Seattle University's student newspaper since 1933

The Spectator

Seattle University's student newspaper since 1933

The Spectator

Seattle University's student newspaper since 1933

The Spectator

Chaos & Catastrophe: March in Washington Plagued by Disasters


March was a dismal month for many Washington State residents. In addition to the crash of a KOMO news helicopter on March 15, the state has suffered two other disasters (the devastating mudslide in Oso and an explosion at a natural gas plant near the Columbia river) all of which occurred within just weeks of one another.

The events were unrelated, but their chronological density only added to the despair. As April rolls forward, the state is still struggling to heal. Growing body counts out of Oso still dominate the area news cycle as President Obama plans to visit the area later this month to remember the victims and close a particularly painful chapter in Washington state’s history.


On March 15, a Seattle photojournalist and pilot were killed when a KOMO-TV helicopter crashed into the street near the Space Needle. The crash reportedly took place shortly after the helicopter took off from its helipad. According to The Seattle Times, “the National Transportation Safety Board’s preliminary report says the helicopter began rotating counterclockwise during takeoff, making a full 360-degree revolution as it rose slightly before it pitched forward in a ‘nose-low attitude.’” The helicopter then proceeded to plummet onto the street and into a car, injuring the driver.

Jordan Stead  •  AP Photo/,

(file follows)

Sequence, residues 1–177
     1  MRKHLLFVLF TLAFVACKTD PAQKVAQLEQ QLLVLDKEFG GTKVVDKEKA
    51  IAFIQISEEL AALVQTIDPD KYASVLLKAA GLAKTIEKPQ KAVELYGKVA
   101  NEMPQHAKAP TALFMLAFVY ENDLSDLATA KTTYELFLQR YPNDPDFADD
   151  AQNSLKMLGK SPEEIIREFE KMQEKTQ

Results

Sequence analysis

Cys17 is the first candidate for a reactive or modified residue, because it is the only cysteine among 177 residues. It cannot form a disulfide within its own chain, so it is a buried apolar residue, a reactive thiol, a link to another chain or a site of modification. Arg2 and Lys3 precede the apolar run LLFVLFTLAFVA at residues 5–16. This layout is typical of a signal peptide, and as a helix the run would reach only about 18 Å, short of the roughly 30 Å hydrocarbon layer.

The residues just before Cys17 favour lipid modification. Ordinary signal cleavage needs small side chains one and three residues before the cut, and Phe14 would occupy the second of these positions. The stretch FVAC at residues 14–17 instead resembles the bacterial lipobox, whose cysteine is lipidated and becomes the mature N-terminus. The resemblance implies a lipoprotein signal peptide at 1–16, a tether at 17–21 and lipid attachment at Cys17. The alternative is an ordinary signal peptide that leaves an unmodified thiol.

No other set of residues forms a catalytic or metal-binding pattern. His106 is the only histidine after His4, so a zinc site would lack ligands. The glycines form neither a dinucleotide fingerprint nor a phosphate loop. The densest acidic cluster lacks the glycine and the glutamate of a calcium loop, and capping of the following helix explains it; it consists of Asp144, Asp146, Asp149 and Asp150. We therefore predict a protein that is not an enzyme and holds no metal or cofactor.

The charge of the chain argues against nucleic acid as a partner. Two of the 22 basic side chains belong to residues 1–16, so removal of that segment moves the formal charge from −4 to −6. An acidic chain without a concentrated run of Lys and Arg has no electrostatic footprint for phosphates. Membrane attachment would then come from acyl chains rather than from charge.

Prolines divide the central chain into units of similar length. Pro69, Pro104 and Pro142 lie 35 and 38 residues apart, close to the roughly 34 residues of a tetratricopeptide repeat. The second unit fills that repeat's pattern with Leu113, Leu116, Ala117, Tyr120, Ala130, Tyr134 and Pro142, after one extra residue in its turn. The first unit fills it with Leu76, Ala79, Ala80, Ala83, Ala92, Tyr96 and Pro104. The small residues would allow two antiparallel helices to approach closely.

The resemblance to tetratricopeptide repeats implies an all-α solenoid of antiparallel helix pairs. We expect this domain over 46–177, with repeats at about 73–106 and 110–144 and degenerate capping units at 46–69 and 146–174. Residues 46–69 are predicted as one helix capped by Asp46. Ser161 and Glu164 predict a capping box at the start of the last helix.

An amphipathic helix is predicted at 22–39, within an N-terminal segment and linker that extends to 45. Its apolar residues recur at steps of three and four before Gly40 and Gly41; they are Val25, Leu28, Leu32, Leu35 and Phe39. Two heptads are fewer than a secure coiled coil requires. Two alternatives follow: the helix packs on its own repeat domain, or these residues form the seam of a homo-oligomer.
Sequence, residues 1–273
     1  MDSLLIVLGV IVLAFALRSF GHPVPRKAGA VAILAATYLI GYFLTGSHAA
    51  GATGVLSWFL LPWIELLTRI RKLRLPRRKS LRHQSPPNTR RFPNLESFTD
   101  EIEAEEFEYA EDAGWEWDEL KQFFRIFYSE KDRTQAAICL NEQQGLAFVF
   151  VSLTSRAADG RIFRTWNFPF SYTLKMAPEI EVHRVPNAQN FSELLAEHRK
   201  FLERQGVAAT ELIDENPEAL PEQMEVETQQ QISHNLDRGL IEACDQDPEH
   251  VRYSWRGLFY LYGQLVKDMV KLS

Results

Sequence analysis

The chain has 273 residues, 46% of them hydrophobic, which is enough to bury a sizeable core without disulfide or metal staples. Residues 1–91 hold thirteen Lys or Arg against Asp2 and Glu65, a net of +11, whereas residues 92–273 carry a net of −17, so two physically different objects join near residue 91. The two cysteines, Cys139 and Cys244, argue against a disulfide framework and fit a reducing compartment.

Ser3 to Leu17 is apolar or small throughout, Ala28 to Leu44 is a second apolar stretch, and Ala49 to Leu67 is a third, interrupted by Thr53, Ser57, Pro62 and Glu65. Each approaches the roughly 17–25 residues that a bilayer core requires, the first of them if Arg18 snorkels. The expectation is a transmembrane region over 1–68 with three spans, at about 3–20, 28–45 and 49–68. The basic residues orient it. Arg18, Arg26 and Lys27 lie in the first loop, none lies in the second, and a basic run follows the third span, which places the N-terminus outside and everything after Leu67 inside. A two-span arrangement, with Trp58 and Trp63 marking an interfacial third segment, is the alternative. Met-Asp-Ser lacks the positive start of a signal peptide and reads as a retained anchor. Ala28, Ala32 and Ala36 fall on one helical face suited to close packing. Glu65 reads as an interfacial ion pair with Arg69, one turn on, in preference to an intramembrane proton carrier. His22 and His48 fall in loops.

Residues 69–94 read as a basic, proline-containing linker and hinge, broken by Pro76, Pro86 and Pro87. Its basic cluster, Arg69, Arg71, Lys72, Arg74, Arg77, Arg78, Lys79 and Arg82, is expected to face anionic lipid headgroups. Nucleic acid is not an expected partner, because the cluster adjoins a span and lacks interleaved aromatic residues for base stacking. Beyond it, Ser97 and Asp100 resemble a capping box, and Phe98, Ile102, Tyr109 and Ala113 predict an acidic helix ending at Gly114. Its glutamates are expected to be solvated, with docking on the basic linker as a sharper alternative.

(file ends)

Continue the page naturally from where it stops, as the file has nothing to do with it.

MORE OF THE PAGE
Jordan Stead • AP Photo/,

An investigator looks over the aftermath of a news helicopter crash Tuesday, March 18, 2014, in Seattle, Wash. A KOMO-TV helicopter crashed into a city street near Seattle’s Space Needle, killing two people and critically injuring a person in a car on the ground.

KOMO identified the deceased as longtime station photojournalist Bill Strothman, 62, of Bothell, and pilot Gary Pfitzner, 59, of Issaquah. Both men worked for the aircraft’s Illinois- based contractor. The cause of death for both men was blunt force trauma sustained during the crash.

The injured driver was identified as Richard Newman, 38, of Seattle. Susan Gregg, a hospital spokesperson, spoke with the Times and reported that “Newman was taken to Harborview Medical Center with second- and third-degree burns on up to 20 percent of his body and cuts and bruises to his face.” According to eyewitness reports, Newman was set ablaze by a river of fuel that ran about a block away from the crash.

Firefighters who responded to the crash were met with, “a black wall of smoke.” Seattle Fire Department spokesman Kyle Moore told, “[The firemen] couldn’t tell that a helicopter was involved until they knocked down the fire with water.”

A cause for the crash has yet to be identified, according to Dennis Hogenson, acting deputy chief of The National Transportation Safety Board’s Western Pacific Region.

“Investigators are studying a range of potential factors, including weather conditions, the helicopter’s components and maintenance records, and what the pilot was doing in the hours before the crash.”